Screening ‘not viable’

Monday, 7th August, 2017

Regional Express says introducing screening to smaller airport terminals would result in most regional cities and towns not having air travel. PICTURE: Darrin Manuel Regional Express says introducing screening to smaller airport terminals would result in most regional cities and towns not having air travel. PICTURE: Darrin Manuel

By Andrew Robertson

Regional Express says most regional cities and towns would not have an airport if small airlines were forced to introduce costly screening measures.

As the federal government is set to consider tougher checks at larger domestic airport terminals, Rex is urging it not to give in to the “hysteria” caused by the recent alleged terror plot.

The airline said Australia’s response to terrorist threats “must be balanced and measured” against the impost and inconvenience any additional security measures would have on travel.

Small operators were particularly vulnerable because of their limited ability to absorb costs associated with any upgrades, according to Rex.

The airline, which flies to 45 regional centres where screening is not required, said if screening was introduced at these airports it would add about $34 million a year to its annual operating costs.

It said the result would be most regional centres would be left without an air service.

“The socio-economic impact of the loss of air services would be devastating to regional communities,” the airline said in a media release.

“Those needing to travel for essential medical, education and business reasons would be forced to drive and when they do, they would need to stop at cafes along the way for a break where they would presumably be screened too.

“Additionally, the millions of extra road users would undoubtedly add to the 1,200 road fatalities recorded each year in Australia.”

It would also be senseless, Rex said, to enforce screening at small regional airports but not the “tens of thousands of buses plying the streets each day”, or other potential targets such as trains, cinemas and shopping malls.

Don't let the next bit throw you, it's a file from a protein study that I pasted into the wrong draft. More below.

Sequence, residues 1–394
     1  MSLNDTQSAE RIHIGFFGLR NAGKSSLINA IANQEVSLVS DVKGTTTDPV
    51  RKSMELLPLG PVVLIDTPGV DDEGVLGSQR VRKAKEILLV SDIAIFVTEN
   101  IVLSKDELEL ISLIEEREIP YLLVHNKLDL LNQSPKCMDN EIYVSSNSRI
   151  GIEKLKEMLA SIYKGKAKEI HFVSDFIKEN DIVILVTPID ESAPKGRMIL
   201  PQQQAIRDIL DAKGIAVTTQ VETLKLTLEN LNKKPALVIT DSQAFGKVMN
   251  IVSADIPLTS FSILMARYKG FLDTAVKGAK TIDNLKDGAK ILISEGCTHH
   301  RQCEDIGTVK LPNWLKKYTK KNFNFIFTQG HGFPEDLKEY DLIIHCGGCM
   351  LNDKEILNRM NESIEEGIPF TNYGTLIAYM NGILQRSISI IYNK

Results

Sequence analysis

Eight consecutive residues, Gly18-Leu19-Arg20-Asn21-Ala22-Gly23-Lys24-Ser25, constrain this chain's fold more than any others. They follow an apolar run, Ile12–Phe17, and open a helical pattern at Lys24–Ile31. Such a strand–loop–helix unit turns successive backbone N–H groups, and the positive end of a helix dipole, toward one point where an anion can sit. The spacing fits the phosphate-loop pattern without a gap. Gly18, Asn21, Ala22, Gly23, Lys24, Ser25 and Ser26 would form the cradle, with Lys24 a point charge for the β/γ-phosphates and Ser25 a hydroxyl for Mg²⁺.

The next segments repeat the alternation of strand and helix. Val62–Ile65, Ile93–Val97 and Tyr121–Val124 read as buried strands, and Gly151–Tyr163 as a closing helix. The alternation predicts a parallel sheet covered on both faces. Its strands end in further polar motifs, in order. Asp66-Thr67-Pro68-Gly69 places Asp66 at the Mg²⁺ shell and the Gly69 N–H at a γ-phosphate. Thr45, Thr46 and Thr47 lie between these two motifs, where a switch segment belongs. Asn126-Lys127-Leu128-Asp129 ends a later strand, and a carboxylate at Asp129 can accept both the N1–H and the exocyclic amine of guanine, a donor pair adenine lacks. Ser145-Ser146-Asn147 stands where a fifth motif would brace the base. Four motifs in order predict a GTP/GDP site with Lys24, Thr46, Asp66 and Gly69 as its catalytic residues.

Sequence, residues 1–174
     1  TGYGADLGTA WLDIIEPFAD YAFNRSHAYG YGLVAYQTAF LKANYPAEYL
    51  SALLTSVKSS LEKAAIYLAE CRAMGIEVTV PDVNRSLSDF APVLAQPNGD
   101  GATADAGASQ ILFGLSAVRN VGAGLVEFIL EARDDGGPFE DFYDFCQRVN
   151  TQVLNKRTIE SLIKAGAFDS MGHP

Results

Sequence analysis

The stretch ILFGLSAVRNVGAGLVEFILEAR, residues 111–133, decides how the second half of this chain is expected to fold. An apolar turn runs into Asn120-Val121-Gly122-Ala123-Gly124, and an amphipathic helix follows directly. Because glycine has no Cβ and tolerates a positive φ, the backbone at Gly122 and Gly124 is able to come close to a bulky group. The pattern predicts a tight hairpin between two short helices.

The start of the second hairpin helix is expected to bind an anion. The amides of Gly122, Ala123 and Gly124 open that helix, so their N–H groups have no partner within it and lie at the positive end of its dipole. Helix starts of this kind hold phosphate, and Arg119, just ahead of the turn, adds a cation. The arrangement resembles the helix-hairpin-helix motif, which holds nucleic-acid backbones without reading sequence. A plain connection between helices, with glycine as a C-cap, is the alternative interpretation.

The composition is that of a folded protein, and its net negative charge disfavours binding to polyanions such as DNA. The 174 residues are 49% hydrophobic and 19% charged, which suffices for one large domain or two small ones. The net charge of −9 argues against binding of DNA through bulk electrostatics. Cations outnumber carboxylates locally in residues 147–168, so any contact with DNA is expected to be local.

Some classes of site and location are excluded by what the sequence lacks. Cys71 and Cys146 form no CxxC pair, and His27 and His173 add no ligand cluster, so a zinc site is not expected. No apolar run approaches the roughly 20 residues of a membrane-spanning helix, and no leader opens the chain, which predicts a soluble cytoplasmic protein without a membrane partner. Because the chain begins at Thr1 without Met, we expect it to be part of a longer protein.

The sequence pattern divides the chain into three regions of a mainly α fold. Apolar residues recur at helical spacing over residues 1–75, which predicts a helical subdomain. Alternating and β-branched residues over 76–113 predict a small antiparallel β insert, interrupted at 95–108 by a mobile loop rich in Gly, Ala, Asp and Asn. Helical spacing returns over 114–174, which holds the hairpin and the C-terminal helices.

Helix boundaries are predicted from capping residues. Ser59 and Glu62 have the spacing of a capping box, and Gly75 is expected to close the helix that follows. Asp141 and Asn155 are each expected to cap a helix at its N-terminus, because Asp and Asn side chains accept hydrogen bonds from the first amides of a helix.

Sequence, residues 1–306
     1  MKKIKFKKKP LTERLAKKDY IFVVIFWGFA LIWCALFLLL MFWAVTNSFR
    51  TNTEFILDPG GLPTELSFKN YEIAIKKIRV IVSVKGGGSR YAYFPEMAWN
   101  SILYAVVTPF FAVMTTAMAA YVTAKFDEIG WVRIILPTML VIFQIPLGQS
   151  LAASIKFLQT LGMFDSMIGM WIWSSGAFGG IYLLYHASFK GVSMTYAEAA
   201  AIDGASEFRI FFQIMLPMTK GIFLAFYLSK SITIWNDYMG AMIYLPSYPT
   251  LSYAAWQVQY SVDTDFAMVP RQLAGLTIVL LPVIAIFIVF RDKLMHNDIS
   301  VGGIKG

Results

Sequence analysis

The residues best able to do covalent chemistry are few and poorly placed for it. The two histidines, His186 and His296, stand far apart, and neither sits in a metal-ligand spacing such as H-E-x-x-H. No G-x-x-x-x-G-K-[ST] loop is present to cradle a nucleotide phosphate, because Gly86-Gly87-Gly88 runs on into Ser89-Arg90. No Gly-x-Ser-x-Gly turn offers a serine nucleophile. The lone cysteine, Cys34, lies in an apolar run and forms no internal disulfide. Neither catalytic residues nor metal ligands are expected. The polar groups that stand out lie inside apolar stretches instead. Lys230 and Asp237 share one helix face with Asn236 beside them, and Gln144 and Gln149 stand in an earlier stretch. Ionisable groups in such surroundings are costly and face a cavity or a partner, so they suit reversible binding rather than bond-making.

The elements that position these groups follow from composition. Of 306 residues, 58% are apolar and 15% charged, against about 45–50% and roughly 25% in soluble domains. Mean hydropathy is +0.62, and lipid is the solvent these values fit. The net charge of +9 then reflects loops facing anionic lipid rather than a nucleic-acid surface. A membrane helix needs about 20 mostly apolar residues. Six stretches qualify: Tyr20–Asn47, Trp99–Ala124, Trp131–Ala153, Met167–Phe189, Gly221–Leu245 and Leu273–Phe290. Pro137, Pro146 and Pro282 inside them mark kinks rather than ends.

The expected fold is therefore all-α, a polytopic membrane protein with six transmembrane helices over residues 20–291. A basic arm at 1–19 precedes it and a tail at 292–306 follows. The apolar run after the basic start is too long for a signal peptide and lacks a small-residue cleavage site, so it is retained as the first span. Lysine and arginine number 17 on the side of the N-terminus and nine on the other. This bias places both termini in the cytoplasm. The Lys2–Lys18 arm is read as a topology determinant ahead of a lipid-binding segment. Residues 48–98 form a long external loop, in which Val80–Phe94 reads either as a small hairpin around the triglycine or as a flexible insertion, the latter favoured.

It said it complies with all security instructions of the Office of Transport Security and would continue to do so if and when regulations change.

“We must never ever give in to hysteria.

“Screening of all such potential targets would be so prohibitively expensive and onerous that normal life would be shut down.

“The safety and security of our customers is paramount to our airline and Rex abides by all regulations as prescribed by the relevant governing authorities.

“Giving in to hysteria is precisely the outcome that the terrorists seek and this would allow them to succeed in their objective of severely disrupting daily life without needing to carry out a single attack. 

“Australia and Australians know better than to fall for their trap.”

The Weekend Australian newspaper reported on Saturday the federal government cabinet was poised to consider applying the same security measures in place for international travel to domestic travel.

The measures could include restrictions on liquids, identity checks and the introduction of full-body scanners, as well as a crackdown on people being allowed to pass through domestic security barriers without a boarding pass.

The new measures are in direct response to the alleged terror plot to blow up an Etihad flight from Sydney to Abu Dhabi last month.